I have described how this movement evoked among many British scientists a desire to give deliberate social purpose to the pursuit of science. It offended their social conscience that the advancement of science, which affects the interests of society as a whole, should be carried on by individual scientists pursuing their own personal interests. They argued that all public welfare must be safeguarded by public authorities and that scientific activities should therefore be directed by the government in the interest of the public. This reform should replace by deliberate action towards a declared aim the present growth of scientific knowledge intended as a whole by no one, and in fact not even known in its totality, except quite dimly, to any single person. To demand the right of scientists to choose their own problems appeared to them petty and unsocial, as against the right of society deliberately to determine its own fate.
But have I not said that this movement has virtually petered out by this time? Have not even the socialist parties throughout Europe endorsed by now the usefulness of the market? Do we not hear the freedom and the independence of scientific inquiry openly demanded today even in important centres within the Soviet domain? Why renew this discussion when it seems about to lose its point?
My answer is that you cannot base social wisdom on political disillusion. The more sober mood of public life today can be consolidated only if it is used as an opportunity for establishing the principles of a free society on firmer grounds. What does our political and economic analysis of the Republic of Science tell us for this purpose? It appears, at first sight, that I have assimilated the pursuit of science to the market. But the emphasis should be in the opposite direction. The self-co-ordination of independent scientists embodies a higher principle, a principle which is reduced to the mechanism of the market when applied to the production and distribution of material goods.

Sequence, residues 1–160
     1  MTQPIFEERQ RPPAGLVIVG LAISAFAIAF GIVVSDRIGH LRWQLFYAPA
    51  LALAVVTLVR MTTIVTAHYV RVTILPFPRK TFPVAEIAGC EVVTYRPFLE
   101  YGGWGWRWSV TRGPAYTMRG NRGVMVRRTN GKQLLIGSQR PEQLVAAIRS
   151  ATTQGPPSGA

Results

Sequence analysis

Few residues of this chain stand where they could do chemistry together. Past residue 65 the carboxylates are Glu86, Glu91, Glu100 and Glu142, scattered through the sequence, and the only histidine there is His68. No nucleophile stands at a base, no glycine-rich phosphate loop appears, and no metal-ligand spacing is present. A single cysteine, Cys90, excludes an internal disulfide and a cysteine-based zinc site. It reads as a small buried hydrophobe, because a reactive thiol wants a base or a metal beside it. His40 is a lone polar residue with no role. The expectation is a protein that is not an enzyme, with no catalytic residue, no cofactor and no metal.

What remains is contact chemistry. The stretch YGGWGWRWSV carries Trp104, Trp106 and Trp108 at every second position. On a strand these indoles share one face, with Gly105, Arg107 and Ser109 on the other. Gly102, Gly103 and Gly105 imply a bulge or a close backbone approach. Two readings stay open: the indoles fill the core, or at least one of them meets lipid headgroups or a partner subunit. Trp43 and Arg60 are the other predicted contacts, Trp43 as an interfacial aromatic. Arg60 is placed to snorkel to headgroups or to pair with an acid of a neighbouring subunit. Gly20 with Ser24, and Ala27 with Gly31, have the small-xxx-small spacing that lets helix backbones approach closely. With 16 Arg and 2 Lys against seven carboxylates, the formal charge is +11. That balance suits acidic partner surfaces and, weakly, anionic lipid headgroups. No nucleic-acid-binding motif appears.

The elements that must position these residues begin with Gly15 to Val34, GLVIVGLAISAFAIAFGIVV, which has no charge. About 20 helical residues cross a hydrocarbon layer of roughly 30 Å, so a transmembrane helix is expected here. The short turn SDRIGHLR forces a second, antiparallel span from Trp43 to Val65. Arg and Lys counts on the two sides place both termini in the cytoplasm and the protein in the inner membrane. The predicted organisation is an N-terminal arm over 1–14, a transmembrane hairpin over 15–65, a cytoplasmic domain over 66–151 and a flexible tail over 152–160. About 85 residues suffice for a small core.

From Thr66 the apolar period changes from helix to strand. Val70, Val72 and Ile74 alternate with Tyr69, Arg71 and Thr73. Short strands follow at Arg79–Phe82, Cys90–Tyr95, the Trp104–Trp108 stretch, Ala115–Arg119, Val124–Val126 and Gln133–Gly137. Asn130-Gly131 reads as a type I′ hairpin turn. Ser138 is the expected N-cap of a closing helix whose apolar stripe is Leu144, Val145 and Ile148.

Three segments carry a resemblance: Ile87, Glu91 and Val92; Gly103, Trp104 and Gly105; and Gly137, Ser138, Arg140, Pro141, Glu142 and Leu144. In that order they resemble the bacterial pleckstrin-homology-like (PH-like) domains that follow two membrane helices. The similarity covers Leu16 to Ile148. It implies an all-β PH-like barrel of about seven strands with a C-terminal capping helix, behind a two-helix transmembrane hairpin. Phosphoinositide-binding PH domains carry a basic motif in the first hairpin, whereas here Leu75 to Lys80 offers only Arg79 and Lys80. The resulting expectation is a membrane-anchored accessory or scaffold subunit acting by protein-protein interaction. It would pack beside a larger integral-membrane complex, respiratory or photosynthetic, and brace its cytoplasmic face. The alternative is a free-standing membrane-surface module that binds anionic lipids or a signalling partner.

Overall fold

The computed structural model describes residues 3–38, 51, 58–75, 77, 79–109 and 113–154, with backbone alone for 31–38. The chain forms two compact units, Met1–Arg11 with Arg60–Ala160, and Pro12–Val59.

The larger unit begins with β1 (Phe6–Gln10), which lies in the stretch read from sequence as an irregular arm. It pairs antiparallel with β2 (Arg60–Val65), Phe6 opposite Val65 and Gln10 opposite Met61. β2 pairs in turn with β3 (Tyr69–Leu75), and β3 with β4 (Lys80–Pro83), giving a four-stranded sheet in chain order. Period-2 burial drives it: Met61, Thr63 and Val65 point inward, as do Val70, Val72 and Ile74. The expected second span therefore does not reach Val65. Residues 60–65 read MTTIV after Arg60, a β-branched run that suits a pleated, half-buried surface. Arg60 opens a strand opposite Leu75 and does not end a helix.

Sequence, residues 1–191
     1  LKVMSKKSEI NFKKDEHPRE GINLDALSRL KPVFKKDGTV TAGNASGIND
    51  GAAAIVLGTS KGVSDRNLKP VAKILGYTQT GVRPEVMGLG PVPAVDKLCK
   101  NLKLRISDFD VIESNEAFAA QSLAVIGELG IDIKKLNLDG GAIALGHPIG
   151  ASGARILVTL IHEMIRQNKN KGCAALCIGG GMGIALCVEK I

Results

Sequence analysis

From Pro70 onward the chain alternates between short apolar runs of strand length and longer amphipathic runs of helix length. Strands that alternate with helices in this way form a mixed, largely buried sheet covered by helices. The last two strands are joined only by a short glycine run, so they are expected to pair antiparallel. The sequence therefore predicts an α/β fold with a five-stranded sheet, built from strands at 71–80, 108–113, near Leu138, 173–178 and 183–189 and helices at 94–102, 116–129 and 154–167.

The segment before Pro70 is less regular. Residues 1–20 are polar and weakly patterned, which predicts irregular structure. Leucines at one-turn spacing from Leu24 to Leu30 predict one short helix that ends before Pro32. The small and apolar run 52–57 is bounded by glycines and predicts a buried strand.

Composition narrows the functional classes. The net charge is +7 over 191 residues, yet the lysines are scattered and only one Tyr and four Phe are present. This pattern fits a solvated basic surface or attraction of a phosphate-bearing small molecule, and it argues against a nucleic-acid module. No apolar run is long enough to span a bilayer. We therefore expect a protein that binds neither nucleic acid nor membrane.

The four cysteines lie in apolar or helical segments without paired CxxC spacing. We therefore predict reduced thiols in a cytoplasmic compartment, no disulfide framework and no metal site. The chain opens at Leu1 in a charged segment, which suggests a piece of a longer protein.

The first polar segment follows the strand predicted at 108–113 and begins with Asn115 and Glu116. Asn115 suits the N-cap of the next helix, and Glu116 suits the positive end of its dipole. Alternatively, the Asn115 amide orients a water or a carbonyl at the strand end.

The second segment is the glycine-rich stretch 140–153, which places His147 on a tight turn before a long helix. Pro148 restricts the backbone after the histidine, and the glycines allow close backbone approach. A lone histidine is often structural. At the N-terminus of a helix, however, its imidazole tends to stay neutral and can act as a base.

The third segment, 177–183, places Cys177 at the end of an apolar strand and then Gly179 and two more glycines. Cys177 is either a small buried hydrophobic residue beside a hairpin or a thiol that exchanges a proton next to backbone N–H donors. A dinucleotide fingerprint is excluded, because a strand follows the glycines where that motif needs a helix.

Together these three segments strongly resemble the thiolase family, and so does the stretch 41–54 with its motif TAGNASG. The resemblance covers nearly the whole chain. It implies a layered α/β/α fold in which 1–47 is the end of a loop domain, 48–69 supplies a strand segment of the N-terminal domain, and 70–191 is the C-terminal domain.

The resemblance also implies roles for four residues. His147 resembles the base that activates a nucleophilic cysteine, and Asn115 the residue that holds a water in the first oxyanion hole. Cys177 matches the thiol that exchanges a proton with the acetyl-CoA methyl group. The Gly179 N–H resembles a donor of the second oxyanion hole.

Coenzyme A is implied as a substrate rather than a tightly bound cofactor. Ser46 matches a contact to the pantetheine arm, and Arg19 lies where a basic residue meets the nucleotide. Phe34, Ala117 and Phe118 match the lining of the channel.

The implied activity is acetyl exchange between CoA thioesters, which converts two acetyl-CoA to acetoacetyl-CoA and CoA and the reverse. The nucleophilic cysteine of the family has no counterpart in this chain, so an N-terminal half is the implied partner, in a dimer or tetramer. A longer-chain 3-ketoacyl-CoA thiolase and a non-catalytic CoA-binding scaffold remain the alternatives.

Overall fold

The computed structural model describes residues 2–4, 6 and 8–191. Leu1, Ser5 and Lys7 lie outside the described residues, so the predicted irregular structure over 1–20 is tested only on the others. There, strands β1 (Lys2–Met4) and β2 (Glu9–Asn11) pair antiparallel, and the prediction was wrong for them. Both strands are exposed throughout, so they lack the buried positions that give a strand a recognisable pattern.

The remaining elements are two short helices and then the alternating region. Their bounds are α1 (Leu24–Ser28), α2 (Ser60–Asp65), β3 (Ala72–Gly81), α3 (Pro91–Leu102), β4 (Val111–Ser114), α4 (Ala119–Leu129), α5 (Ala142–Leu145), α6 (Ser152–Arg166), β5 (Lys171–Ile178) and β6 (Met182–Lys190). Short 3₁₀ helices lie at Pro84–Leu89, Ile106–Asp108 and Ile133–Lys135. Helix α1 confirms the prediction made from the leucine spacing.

Let me sketch out briefly this higher principle in more general terms. The Republic of Science shows us an association of independent initiatives, combined towards an indeterminate achievement. It is disciplined and motivated by serving a traditional authority, but this authority is dynamic; its continued existence depends on its constant self-renewal through the originality of its followers.
The Republic of Science is a Society of Explorers. Such a society strives towards an unknown future, which it believes to be accessible and worth achieving. In the case of scientists, the explorers strive towards a hidden reality, for the sake of intellectual satisfaction. And as they satisfy themselves, they enlighten all men and are thus helping society to fulfil its obligation towards intellectual self-improvement.
A free society may be seen to be bent in its entirety on exploring self-improvement--every kind of self-improvement. This suggests a generalization of the principles governing the Republic of Science. It appears that a society bent on discovery must advance by supporting independent initiatives, co-ordinating themselves mutually to each other. Such adjustment may include rivalries and opposing responses which, in society as a whole, will be far more frequent than they are within science. Even so, all these independent initiatives must accept for their guidance a traditional authority, enforcing its own self-renewal by cultivating originality among its followers. Since a dynamic orthodoxy claims to be a guide in search of truth, it implicitly grants the right to opposition in the name of truth--truth being taken to comprise here, for brevity, all manner of excellence that we recognize as the ideal of self-improvement. The freedom of the individual safeguarded by such a society is therefore-to use the term of Hegel--of a positive kind. It has no bearing on the right of men to do as they please; but assures them the right to speak the truth as they know it. Such a society does not offer particularly wide private freedoms. It is the cultivation of public liberties that distinguishes a free society, as defined here.